In his further analysis, Dr. Millheim, stated that, another major reason companies are deferring or even backing away from some deep water discoveries are the upfront capital demands for field development without good understanding of the reservoir complexity.
Therefore, the bottom line to the challenges in developing deep water marginal oil fields between 50 and 100 million BOE in West Africa will not be developed in the near future, even with the price of oil around $100 per barrel. This presents a challenging scenario for West African countries that rely on the major E & P companies for development of their resources
As fields are ageing and does not fit into the commercial ranking of assets which were originally owned by mega oil companies, these fields are been sold out to marginal operators and other indigenous sole risk or JV companies. With government objectives of increasing indigenous partnership in running of oil and gas assets
Accessing capital to develop these assets economically and deploying appropriate technology amid market volatility to reduce remains a big issue in the note books of marginal and other indigenous operators. Inability to raise capital is one of the most crucial factors that militates the development of both large and marginal assets.
While there are many sources of funding, Damien Mauvais, Managing Director and Head, Oil/Gas Investment Banking, Standard Bank, London, said that a “challenging start and main key for operators to receive funding is offering the right risk and reward to providers of capital”. According to Mauvais, there are lot of capital available to the right equity and debt story.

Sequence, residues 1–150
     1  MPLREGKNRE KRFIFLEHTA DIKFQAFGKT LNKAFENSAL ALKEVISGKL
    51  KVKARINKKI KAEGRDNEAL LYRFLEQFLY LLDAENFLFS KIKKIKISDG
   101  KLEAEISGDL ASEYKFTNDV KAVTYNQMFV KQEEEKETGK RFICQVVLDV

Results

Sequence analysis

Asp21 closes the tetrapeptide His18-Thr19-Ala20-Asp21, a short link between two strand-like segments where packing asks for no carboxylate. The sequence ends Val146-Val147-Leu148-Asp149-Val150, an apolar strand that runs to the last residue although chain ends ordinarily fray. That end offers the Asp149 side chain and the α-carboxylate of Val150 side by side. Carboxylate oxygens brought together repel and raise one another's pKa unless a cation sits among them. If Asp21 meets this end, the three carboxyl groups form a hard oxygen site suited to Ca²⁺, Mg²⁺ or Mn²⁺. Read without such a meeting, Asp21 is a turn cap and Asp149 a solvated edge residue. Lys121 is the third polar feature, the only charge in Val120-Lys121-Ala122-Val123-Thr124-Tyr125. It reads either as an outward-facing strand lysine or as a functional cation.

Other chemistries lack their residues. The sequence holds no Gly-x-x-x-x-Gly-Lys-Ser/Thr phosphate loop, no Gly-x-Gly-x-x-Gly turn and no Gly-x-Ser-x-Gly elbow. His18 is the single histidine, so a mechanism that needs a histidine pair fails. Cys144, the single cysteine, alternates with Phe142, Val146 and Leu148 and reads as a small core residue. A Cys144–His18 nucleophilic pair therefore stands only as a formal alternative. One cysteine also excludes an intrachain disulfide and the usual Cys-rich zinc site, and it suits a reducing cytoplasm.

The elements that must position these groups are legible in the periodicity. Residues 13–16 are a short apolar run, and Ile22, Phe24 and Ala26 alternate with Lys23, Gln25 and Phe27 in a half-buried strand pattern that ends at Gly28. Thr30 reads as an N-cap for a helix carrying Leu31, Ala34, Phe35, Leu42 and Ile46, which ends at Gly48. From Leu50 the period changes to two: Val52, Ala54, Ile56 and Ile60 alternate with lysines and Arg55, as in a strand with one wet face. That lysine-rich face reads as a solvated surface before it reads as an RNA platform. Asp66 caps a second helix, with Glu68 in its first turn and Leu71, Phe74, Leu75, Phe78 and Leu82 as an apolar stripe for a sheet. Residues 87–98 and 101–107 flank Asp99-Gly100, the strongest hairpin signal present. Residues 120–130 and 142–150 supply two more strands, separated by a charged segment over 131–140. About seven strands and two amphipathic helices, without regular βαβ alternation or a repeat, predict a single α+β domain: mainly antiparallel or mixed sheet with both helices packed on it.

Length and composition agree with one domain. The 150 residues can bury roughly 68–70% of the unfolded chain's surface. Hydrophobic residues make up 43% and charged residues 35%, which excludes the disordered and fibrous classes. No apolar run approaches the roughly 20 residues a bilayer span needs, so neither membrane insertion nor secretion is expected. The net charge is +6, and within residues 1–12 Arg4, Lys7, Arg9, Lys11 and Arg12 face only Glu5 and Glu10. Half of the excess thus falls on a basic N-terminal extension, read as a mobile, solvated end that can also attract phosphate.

It is paramount for operators seeking for funding to create and show well defined route to production and also part of a wider growth strategy. Added to building and presenting the right team, operators must show track record of value creation. This includes how they intend to do it and whether they have done such operations before. An outline of consistent progress toward production and a strategy of not to over promise or under deliver is very important. It is also necessary for operator to provide access to good data create opinion from credible third party. The importance of presenting an organic plan that has room for further development and possibility for acquisition cannot be overemphasized.
On sharing his thought on strategies for acquiring capital for development of assets, Mauvais explained the need to start engaging capital providers early and for operators to do proper home work. He went further to say, that hiring and advisor could be an advantage and also operators should have it at the back of their mind that you never raise too much equity.
In this journey to elevate indigenous participation, it is also valuable for governments to be mindful of the structures of energy reforms they propose. Every energy or fiscal policy has a way of raising country risk that might deter capital providers and investors from aligning with local operators in developing their assets.